Well, that was a cracking evening, wasn’t it boys and girls?
In my 20-odd years of liking Eurovision, I’ve managed to attend three actual Contests as an actual person sat in the actual hall but I’ve never been to an actual national final. That all changed on Friday.
I’m sure regulars at Melodifestivalen will be used to something a tad swankier and those who attend the Latvian heat in person will have missed
that fucking Riga Beaver but for someone who was breaking their domestic qualifier duck it was rather exciting to wander up the stairs to the balcony of Kentish Town’s O2 and see that first sliver of the BBC set (which seemed to have used recycled scenery and graphics from last year’s 60th anniversary show in much the same way that past Song for Europes held in Comic Relief years used bits of the set Lenny Henry had given running totals in front of a few weeks earlier) loom into view.
It had been an interesting week as a Merseyside-based journalist who occasionally dips their toe into the pool of arts and culture. When Wirral’s Karl William Lund had been announced as the sixth of the six competitors on Ken Bruce’s Radio 2 show on Monday morning, his song Miracle sounded an excellent fit for the Contest, with emotion and anthemic lifts aplenty. I interviewed Karl for the Liverpool Echo about an hour after the song had been premiered and as he was considered a relative favourite with the bookies, there was a possibility that if he did the business in Kentish Town, I’d get him on video after the show, with a message for all his supporters in Merseyside. I was getting flashbacks to my time in Riga in 2003 – the first Contest I ever attended in actual person – where I was also tasked with tracking down Scouse hopefuls Jemini for a similar regional media-type report. It also meant I kept an eye on how much booze I was consuming. If Karl did the business, it really wouldn’t have done to tell a BBC press officer a few hours later they were my besht friend, I really, really loved them, always had done and if they wouldn’t mind letting me speak to Karl for a few minutes, that would be boss.
More of that bit later. As you probably have a very good idea, even if you’re reading this, on how this story ends. So back to the show. Out of our party of four, I was the only one who had heard the six songs beforehand. My partner Glyn (whom you may have seen take tea with me when Sight & Song took the format of 20-minute-ish vlogs) was wuite happy to be patient and hear them for the first time on the night. Our landlords for the evening, Lynn – a travel writer who grew up in California – and Rob – an accomplished musician who’s sung at Westminster Abbey – were also taking their seats without knowing their Bianca from their Darline or Dulcima but were enjoying the atmosphere nonetheless. There’s something to be said for not immersing yourself too much in the songs (a tough ask for someone who loves the Contest with every fibre of their soul) as that distance does allow you to be far more subjective about what’s on offer. Non-fans, for example, aren’t quick to jump on a potential UK entry within the first few bars, vitriol slathering from their jowels, while scowling: “Is THIS the best they can do?” Perhaps it’s handy to have one such person on hand next time you too want to assess the winning chops of a Eurovision entry.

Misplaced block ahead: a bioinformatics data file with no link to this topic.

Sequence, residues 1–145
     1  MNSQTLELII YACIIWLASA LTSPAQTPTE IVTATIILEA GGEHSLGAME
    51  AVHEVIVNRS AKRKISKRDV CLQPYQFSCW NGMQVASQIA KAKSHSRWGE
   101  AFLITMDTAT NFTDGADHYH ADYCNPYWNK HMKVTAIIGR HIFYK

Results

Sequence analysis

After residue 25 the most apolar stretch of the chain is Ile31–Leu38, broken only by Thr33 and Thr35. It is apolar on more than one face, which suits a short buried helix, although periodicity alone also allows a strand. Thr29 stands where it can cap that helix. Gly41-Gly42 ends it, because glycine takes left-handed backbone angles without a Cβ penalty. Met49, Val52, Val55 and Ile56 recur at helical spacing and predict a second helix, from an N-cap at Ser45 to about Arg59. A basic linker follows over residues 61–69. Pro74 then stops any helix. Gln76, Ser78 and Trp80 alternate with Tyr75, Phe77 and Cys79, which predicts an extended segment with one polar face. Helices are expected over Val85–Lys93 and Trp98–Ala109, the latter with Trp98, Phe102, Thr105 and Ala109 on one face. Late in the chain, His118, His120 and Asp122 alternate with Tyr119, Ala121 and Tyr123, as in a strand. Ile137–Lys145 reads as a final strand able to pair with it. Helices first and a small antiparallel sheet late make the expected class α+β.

With any show on BBC Four unlikely to make a million viewers and Dollie De Luxe knows what sort of budget was available to the production team, the O2 Forum was a decent venue choice. It felt a lot more like a concert than any UK national final since the heady days of the Albert Hall being used in the 1970s, giving a decent idea of who is more likely to connect with an audience than anyone warbling to 150 people in a TV studio. The build-up to going live was genuinely exciting (did I mention I’d never been to a national final before?) and Mel Giedroyc was a good fit for the presenting job. In time, ‘Eurovish’ will become aural wallpaper and not quite so irritating as the first 27 times the phrase has been used. If we ever had a UK Eurovision presenter who was on the po side of faced, it would be disastrous.
We’re almost 800 words in and still no mention of the songs. I shall dally no longer. I’d be interested to know if the running order was determined by the production team sitting right at the back of the hall during rehearsals and giving the pimp slot to whoever impressed them the most.
Dulcima were a decent opener and while there was plenty of vigour to what they were doing, all I could think of was how much of their trust fund from mummy and daddy had gone in to those nicely ragged outfits and their not especially cheap instruments. A good effort though.
Past Eurovision entry it reminded me of the most: Cake to Bake (Latvia 2014)
Matthew James’ A Better Man was the only song that leaked beforehand and it turned up Roy Delaney’s rather marvellous Eurovision Apocalypse site early in the new year. The version that snook on to YouTube was exactly the same as the one we heard on Friday night while I had thought (naively) it was a demo which would undergo some form of Bruno Mars-style makeover before the final (it could have been amazing with a When I Was Your Man-style tweak). Sadly, it was a good song pitched at the wrong decade but with all the social media support Matthew was getting in advance of the show I was more than prepared to see this announced as a shock winner at the end of the show.
Past Eurovision entry it reminded me of the most: Hold Me (Azerbaijan 2013)